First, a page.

Evaluation of wildlife warning reflectors for altering white-tailed deer behavior along roadways

  • Published source details D'Angelo G.J., D'Angelo J.G., Gallagher G.R., Osborn D.A., Miller K.V. & Warren R.J. (2006) Evaluation of wildlife warning reflectors for altering white-tailed deer behavior along roadways. Wildlife Society Bulletin, 34, 1175-1183.


This study is summarised as evidence for the following.

Action Category

Install wildlife warning reflectors along roads

Action Link
Terrestrial Mammal Conservation
  1. Install wildlife warning reflectors along roads

    A before-and-after study in 2004–2005 at a college campus in Georgia, USA (D'Angelo et al. 2006) found that wildlife warning reflectors did not reduce white-tailed deer Odocoileus virginianus behaviours that were likely to cause collisions with vehicle. When red or blue-green reflectors were installed, there was a proportional increase in behaviours that were likely to cause deer–vehicle collisions. White or amber reflectors resulted in an increased rate both of responses that increase and that decrease collision likelihood. A total of 1,370 deer responses were recorded. A smaller proportion of animals stopped moving toward the road as a vehicle approached when reflectors were installed (red: 13%; white: 55%; blue-green: 14%; amber: 50%) compared to before reflectors were installed (64%). In two test areas (5 km apart), 15 posts were installed 15 m apart, staggered on opposite sides of the road. After two weeks, Strieter-Lite Wild Animal Highway Warning Reflectors were installed on posts (61–76 cm above road). Deer–vehicle interactions were observed using an infrared camera for four hours/night before (15 nights in November 2004–January 2005) and after installation of reflectors (January–May 2005). Two reflector colours were tested in each area for 15 nights each.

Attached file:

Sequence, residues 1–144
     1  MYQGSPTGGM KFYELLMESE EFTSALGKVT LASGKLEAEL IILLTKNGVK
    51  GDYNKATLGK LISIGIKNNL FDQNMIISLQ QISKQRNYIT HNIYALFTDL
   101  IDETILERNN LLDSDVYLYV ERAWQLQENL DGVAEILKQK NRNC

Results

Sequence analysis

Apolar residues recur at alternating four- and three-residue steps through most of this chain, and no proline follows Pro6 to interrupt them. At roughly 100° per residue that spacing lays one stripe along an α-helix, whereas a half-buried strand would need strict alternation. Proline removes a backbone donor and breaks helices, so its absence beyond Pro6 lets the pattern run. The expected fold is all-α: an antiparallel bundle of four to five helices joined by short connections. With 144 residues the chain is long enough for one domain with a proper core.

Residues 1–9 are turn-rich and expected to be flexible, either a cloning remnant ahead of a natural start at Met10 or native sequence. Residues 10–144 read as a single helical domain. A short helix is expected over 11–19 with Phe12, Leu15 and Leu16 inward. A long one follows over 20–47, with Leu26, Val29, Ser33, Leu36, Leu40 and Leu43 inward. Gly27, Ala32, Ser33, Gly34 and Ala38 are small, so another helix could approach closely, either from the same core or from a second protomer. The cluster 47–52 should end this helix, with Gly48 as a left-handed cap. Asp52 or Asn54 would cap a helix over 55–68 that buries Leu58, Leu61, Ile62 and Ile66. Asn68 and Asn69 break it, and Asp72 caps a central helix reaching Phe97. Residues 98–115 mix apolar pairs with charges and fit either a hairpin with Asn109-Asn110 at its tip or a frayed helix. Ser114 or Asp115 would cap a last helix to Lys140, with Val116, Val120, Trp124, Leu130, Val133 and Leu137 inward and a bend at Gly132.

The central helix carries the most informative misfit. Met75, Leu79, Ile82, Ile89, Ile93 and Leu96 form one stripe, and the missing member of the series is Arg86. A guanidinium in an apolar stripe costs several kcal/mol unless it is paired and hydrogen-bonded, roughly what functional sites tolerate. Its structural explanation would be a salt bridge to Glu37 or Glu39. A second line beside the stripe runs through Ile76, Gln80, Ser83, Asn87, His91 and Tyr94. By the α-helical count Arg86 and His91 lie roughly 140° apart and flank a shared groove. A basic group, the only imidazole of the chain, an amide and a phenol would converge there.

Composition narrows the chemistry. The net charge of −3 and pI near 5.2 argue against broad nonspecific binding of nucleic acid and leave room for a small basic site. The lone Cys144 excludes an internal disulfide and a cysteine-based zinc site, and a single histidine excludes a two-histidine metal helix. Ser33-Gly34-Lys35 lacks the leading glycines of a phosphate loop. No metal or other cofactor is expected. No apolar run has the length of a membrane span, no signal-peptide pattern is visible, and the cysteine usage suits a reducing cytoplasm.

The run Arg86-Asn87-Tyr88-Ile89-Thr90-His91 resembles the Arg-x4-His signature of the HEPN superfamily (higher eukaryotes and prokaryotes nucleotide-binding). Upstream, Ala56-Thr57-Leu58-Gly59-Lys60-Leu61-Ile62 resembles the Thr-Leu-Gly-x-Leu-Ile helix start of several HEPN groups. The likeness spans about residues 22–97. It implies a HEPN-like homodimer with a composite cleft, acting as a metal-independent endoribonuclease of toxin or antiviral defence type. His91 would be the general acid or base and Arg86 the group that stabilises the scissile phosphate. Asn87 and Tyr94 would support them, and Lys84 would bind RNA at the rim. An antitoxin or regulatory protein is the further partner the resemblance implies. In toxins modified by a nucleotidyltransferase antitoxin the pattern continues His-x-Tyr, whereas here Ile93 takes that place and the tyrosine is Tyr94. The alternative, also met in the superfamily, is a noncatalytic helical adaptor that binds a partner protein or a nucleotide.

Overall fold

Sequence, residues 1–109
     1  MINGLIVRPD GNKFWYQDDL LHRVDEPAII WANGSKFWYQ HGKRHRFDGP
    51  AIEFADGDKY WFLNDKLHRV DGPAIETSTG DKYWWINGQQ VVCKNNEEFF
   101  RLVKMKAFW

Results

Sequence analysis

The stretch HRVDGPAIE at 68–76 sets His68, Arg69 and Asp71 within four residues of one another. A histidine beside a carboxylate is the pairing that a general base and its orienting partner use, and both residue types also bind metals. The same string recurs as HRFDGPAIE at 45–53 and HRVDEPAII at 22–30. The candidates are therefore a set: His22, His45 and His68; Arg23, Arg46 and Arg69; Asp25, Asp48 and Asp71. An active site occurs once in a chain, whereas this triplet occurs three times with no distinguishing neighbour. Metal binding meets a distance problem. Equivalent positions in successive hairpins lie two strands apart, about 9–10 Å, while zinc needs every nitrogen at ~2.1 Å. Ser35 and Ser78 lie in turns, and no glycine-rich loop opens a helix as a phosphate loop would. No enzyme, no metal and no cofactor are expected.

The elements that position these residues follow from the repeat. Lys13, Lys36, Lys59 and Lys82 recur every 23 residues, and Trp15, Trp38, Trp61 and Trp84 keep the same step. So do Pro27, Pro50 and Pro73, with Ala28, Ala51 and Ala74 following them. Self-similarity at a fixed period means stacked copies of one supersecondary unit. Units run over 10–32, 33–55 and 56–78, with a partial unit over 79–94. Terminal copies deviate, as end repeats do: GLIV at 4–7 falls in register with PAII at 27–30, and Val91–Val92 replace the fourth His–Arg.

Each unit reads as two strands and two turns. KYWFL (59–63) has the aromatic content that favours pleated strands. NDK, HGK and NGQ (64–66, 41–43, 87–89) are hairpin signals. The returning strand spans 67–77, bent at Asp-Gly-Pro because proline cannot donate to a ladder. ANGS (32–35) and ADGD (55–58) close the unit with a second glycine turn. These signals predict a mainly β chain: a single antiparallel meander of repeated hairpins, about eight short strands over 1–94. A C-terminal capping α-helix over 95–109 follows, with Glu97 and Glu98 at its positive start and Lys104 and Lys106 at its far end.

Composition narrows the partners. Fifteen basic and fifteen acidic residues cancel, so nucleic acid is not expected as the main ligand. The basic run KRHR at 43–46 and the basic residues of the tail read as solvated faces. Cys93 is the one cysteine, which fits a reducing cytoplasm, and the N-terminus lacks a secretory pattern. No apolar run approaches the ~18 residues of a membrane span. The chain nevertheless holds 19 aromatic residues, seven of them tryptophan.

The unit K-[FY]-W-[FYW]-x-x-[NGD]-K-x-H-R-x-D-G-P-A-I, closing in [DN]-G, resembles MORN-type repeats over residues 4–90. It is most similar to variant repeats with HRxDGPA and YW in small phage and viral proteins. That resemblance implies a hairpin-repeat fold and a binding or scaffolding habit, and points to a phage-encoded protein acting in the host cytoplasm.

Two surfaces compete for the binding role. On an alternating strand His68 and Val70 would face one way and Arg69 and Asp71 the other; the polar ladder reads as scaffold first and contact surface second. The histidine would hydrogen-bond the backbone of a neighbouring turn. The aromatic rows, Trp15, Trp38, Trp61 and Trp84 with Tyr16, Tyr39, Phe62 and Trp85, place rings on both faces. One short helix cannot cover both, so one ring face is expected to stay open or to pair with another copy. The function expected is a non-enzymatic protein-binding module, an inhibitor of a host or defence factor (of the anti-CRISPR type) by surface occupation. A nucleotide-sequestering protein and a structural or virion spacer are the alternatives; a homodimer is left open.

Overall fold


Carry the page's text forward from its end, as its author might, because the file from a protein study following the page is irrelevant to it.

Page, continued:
(Summarised by: Rebecca K. Smith)

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